### 3-1 Rounding
Up/Down to a Multiple of a Known Power of 2

Rounding an unsigned integer x down to, for example, the next smaller
multiple of 8, is trivial: x & -8 does it. An alternative is These work for signed integers as well, provided "round
down" means to round in the negative direction (e.g., (-37) & (-8) =
-40).

Rounding up is almost as easy. For example,
an unsigned integer x can be rounded up
to the next greater multiple of 8 with either of

These expressions are correct for signed
integers as well, provided "round up" means to round in the positive
direction. The second term of the second expression is useful if you want to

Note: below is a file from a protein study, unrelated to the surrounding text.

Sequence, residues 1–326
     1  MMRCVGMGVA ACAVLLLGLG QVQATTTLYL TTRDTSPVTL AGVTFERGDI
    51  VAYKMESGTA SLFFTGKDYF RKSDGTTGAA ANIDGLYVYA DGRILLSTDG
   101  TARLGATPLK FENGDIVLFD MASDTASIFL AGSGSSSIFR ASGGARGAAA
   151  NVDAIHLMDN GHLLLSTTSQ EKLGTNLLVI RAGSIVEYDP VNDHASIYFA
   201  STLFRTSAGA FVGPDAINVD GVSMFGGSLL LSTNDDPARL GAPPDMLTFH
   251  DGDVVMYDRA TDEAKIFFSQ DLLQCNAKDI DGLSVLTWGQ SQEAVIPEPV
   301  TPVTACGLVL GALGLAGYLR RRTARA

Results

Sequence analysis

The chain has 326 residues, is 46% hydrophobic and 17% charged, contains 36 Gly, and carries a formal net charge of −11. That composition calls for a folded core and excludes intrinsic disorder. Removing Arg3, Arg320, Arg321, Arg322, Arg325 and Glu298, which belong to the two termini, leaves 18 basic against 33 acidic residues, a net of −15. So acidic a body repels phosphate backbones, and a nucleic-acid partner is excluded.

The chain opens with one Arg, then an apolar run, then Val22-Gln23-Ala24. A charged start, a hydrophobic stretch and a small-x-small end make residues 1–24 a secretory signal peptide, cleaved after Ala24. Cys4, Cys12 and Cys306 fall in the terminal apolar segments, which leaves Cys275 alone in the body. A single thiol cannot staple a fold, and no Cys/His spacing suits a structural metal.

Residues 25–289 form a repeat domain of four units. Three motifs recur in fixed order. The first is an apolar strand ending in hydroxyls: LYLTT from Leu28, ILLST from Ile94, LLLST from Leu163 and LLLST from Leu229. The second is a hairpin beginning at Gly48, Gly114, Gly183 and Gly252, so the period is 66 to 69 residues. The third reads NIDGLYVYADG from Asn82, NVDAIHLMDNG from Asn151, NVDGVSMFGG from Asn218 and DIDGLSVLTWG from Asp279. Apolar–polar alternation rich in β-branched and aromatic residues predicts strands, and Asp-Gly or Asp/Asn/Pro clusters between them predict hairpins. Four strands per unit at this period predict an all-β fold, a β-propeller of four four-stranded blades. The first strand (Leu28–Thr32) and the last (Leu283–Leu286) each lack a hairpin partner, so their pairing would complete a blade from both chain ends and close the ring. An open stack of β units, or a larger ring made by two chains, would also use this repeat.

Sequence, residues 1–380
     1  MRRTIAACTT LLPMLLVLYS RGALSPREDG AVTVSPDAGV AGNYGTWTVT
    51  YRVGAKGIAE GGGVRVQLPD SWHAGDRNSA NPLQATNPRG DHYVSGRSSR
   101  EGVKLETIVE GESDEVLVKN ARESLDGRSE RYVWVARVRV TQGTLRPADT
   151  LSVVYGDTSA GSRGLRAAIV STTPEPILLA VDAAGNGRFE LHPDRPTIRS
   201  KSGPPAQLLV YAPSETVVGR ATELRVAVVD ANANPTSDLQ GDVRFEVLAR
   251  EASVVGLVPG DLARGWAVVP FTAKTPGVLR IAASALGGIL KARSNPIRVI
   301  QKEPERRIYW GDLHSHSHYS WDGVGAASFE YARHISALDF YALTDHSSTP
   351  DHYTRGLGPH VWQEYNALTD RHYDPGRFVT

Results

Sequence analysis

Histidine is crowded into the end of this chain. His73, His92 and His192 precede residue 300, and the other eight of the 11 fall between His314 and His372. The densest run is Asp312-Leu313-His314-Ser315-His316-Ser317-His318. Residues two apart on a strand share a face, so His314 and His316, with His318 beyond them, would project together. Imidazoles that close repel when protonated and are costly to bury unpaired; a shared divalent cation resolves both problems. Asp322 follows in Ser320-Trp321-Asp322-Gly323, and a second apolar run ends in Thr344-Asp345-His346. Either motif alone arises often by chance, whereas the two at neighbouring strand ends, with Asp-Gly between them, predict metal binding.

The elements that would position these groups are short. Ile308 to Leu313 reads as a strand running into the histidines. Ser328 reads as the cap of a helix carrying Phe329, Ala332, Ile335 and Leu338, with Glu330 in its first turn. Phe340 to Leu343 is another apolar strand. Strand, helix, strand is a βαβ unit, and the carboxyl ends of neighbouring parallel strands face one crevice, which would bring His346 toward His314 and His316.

know how much you must add to x to make
it a multiple of 8 [Gold].

To round a signed integer to the nearest
multiple of 8 toward 0, you can combine the two expressions above in an obvious
way:

An alternative for the first line is which is useful if the machine
lacks and immediate, or if the constant is too
large for its immediate field.

Sometimes the rounding factor is given as the
log_{2} of the alignment amount (e.g., a value of 3 means to round to a
multiple of 8). In this case, code such as the following may be used, where k = log_{2}(alignment amount):